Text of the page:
possible helmet material

dung0beetle

Active Hunter
I found this wastebasket:

http://www.sterilite.com/Category.html?Section=Household&ProductCategory=56#

I'm gonna try it for the bucket. It will need to be cut to height and diameter, but I think it would make a strong, light, and flexible base for a helmet. I am thinking that it wouldn't need to be re-curved to the correct shape.

I have seen them at that Wal-something store and they have a slight grainy finish, but looks like it would hold paint without much difficulty. It costs $9 something at the store where I am.

just a thought...
It would at least match the trash can armor people are making.
 

tubachris85x

Well-Known Hunter
One thing about using plastic trash bins is that after its cut, you'll NEVER be able to shape it to what you want. To date, there has never been a gluie that I have used that will even adhear to it. I just want to let you know ahead if time. Im sure that there are some bins that may be able to contradict the above, but I just want to save you the trouble. You should also look into other materials as well that will have the same lightweight and flexible properties. Good luck!

-tubachris
 

Southern hunter

Active Hunter
I found this wastebasket:

http://www.sterilite.com/Category.html?Section=Household&ProductCategory=56#

I'm gonna try it for the bucket. It will need to be cut to height and diameter, but I think it would make a strong, light, and flexible base for a helmet. I am thinking that it wouldn't need to be re-curved to the correct shape.

I have seen them at that Wal-something store and they have a slight grainy finish, but looks like it would hold paint without much difficulty. It costs $9 something at the store where I am.

just a thought...
It would at least match the trash can armor people are making.


I had the same idea after reading about the trash can Fetts. I was only going to use the domed lid part of the trash can for the dome of the helmet and build the cheeks and mandibles out of either For Sale signs. You may want to check out SD68's thread on a scratch built helmet. I think the Sterilite material may stick to For Sale signs or Sintra IF you sand the gluing surface first. I haven't tried it, but from my experience, if you sand something and rough up the surface, paint, primer or glue will stick. I'm very eager to know how this goes for you, so plz keep us posted. :)
 

drokkul

Active Hunter
if you sand something and rough up the surface, paint, primer or glue will stick.

Yeah...you would think that wouldn't you. But I can first hand attest to glue not wanting to stick to the Sterilite trashcans.

Smooth surface, rough surface, I even went as far on one piece to make gouges with a dremel, but to no avail.

And I used all kinds of stuff, CA glue, Goop, multiple epoxies, Gorilla Glue etc, etc.

I think those trashcans are made out of Teflon...or maybe even tuffstuffnium:lol:
 

GCNgamer128

Sr Hunter
Trash Cans are recommended for armour, not helmets. Helmets as said before, require glue, and like Drokkul said, glue does not work :)

However if you make armour, I recommend using industrial strength velcro, that holds to the plastic very well.
 

dung0beetle

Active Hunter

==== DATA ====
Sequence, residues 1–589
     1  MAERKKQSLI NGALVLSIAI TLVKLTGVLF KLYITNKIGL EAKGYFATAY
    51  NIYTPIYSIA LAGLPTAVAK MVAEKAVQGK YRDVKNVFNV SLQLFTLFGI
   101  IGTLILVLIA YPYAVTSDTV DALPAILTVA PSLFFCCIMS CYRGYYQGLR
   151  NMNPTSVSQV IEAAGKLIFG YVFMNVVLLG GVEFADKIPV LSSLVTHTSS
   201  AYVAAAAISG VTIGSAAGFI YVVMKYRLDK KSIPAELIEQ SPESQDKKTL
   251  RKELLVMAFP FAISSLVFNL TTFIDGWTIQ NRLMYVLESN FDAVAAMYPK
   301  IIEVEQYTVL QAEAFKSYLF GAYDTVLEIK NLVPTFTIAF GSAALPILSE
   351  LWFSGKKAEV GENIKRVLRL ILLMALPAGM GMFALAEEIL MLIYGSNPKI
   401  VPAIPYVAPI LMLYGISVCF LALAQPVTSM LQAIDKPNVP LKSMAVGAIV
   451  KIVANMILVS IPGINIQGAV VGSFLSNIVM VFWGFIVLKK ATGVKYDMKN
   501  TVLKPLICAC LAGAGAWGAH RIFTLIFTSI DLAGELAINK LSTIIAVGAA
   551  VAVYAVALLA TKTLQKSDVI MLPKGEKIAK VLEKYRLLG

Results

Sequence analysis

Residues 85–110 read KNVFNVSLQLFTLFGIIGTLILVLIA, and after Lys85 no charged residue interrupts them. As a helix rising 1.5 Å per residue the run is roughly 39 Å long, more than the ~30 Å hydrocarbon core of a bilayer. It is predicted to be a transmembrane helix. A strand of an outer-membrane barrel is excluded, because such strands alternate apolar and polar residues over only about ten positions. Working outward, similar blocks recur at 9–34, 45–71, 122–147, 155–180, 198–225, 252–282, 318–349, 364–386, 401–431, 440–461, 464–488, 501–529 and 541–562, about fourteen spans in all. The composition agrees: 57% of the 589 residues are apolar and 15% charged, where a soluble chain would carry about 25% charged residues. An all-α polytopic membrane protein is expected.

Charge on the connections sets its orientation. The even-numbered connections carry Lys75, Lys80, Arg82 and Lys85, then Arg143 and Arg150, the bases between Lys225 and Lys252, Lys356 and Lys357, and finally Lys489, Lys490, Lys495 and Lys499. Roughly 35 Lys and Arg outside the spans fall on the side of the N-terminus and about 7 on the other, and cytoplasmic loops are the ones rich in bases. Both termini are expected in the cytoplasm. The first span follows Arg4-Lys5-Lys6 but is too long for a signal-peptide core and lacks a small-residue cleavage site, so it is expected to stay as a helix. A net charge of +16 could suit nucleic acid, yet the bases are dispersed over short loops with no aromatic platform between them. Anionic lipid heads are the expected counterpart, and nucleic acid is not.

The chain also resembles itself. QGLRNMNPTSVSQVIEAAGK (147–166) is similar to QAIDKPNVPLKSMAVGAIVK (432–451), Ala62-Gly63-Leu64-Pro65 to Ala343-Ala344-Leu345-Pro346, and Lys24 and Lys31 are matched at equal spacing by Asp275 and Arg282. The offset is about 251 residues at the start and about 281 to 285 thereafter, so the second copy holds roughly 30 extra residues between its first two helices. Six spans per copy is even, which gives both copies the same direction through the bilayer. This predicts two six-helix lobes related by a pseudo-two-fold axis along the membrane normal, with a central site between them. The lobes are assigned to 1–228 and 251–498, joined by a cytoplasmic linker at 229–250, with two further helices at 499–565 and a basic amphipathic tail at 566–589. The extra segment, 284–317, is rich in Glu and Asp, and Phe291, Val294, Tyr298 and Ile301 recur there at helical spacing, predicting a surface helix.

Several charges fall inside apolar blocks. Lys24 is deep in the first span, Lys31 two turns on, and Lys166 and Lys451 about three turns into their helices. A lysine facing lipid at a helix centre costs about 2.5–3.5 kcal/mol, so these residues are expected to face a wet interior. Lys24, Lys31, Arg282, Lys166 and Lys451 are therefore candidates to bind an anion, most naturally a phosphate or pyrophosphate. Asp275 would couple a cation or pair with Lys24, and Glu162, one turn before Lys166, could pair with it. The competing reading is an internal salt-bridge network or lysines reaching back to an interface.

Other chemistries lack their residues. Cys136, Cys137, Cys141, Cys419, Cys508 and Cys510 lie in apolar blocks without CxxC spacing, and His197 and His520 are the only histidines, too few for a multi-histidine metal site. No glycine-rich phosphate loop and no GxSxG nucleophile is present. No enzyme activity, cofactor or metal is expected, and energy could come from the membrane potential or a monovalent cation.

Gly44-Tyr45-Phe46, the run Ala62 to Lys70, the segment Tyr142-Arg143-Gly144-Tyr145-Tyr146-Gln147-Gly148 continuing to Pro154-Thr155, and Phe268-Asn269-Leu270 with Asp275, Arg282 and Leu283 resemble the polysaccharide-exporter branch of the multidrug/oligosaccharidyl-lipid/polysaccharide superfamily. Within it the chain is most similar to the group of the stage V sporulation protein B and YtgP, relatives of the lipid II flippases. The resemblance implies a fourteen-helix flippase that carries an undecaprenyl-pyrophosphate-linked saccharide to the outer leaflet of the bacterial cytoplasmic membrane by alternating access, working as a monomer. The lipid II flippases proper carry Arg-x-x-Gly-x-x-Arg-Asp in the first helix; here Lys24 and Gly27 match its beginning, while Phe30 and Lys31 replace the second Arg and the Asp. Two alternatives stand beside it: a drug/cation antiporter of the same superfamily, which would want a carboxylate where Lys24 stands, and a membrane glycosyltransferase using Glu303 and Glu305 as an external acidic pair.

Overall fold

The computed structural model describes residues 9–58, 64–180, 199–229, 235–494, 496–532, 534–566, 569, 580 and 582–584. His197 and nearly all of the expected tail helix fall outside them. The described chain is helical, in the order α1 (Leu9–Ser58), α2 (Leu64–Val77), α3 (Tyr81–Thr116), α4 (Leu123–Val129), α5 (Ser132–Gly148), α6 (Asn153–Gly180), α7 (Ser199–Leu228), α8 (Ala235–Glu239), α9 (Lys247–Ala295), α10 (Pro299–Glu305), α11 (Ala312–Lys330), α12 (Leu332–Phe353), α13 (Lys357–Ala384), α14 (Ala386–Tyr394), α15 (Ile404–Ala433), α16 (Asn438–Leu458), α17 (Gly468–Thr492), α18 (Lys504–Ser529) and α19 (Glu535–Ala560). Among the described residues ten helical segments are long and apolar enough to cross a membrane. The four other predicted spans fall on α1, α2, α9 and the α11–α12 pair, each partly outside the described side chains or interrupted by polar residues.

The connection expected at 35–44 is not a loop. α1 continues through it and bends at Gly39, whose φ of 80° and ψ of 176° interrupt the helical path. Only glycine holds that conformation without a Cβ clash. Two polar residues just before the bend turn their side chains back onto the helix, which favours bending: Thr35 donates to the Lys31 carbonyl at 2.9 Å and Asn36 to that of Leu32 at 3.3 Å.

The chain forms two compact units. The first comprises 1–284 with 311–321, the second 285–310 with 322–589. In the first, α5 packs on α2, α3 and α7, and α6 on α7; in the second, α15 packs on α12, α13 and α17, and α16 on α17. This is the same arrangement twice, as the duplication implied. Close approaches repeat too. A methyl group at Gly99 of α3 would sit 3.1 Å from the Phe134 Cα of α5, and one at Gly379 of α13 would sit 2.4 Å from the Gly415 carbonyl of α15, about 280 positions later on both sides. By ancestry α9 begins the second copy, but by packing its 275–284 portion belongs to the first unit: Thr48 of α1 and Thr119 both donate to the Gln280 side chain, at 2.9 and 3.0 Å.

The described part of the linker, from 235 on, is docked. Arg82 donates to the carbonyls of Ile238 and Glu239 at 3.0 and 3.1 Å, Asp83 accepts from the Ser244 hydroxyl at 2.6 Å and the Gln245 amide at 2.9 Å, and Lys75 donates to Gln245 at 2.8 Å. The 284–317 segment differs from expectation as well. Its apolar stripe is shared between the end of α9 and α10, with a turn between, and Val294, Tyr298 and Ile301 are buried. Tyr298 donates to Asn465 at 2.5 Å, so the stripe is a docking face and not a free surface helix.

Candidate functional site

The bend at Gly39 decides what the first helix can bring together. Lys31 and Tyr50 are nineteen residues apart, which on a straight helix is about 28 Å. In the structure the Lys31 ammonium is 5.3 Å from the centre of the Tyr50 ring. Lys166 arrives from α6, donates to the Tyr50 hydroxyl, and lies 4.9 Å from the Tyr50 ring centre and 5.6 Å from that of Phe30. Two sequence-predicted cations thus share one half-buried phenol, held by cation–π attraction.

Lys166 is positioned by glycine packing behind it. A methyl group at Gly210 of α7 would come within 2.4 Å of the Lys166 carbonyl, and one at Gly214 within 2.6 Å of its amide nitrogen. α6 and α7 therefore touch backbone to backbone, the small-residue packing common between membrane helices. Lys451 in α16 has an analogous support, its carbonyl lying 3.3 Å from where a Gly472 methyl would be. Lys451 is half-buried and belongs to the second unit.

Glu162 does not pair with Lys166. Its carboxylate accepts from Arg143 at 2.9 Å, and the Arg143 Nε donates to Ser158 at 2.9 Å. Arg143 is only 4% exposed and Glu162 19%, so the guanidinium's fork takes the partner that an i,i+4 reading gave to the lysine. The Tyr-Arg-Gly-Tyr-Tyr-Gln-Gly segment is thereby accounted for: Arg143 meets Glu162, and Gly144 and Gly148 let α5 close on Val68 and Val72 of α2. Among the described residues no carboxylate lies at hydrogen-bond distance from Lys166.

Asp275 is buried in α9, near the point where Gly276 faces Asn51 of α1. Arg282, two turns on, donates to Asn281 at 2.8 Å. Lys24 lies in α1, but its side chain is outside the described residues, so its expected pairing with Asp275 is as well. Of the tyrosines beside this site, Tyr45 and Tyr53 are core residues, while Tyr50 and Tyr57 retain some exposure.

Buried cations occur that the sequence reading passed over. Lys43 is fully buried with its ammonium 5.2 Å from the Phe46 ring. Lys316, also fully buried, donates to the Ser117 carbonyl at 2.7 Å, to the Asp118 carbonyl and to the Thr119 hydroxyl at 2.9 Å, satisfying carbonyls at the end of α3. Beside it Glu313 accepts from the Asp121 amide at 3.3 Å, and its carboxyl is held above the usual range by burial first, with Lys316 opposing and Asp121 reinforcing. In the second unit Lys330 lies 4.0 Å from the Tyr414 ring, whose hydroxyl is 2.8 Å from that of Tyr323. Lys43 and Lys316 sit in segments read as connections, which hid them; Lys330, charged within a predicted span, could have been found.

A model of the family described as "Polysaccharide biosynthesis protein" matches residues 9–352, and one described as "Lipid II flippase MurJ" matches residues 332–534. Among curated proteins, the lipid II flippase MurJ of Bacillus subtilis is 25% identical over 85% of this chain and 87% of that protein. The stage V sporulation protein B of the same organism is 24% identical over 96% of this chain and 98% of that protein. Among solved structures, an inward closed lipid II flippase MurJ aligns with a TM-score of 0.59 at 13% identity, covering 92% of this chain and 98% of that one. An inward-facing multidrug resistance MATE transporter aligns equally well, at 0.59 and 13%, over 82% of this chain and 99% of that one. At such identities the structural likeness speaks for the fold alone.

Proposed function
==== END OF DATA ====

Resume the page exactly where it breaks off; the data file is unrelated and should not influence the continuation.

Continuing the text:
One thing about using plastic trash bins is that after its cut, you'll NEVER be able to shape it to what you want. To date, there has never been a gluie that I have used that will even adhear to it. I just want to let you know ahead if time. Im sure that there are some bins that may be able to contradict the above, but I just want to save you the trouble. You should also look into other materials as well that will have the same lightweight and flexible properties. Good luck!

-tubachris

I used to work for sterilite, it can be reshaped with a 19v heat gun, smaller ones don't get hot enough. to "glue" the pieces together, just shave a 1.5mm piece, heat the 2 edges with a heat gun, and use a woodburner with a "spoon" tip to melt the shaving in between the 2 pieces--kind of like using a soldering iron for electronics. I have made some replica weapons this way. It takes alot of practice, but once you get the hang of the process, it goes quickly, and there is not much cleanup needed.

I will post a tutorial of my helmet as soon as I can get started. I don't see it getting done soon though, because I am currently home-schooling my kids.

Also, to keep the pieces from distorting from the heat, oil them up with mineral oil or lubricating grease.
 
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Southern hunter

Active Hunter
to "glue" the pieces together, just shave a 1.5mm piece, heat the 2 edges with a heat gun, and use a woodburner with a "spoon" tip to melt the shaving in between the 2 pieces--kind of like using a soldering iron for electronics. I have made some replica weapons this way. It takes alot of practice, but once you get the hang of the process, it goes quickly, and there is not much cleanup needed.

I will post a tutorial of my helmet as soon as I can get started. I don't see it getting done soon though, because I am currently home-schooling my kids.

Also, to keep the pieces from distorting from the heat, oil them up with mineral oil or lubricating grease.

I would really like some more info on how to "glue" two pieces together using your method. Please post safety precautions as well. I'm always interested in new materials, techniques and ideas. :)
 
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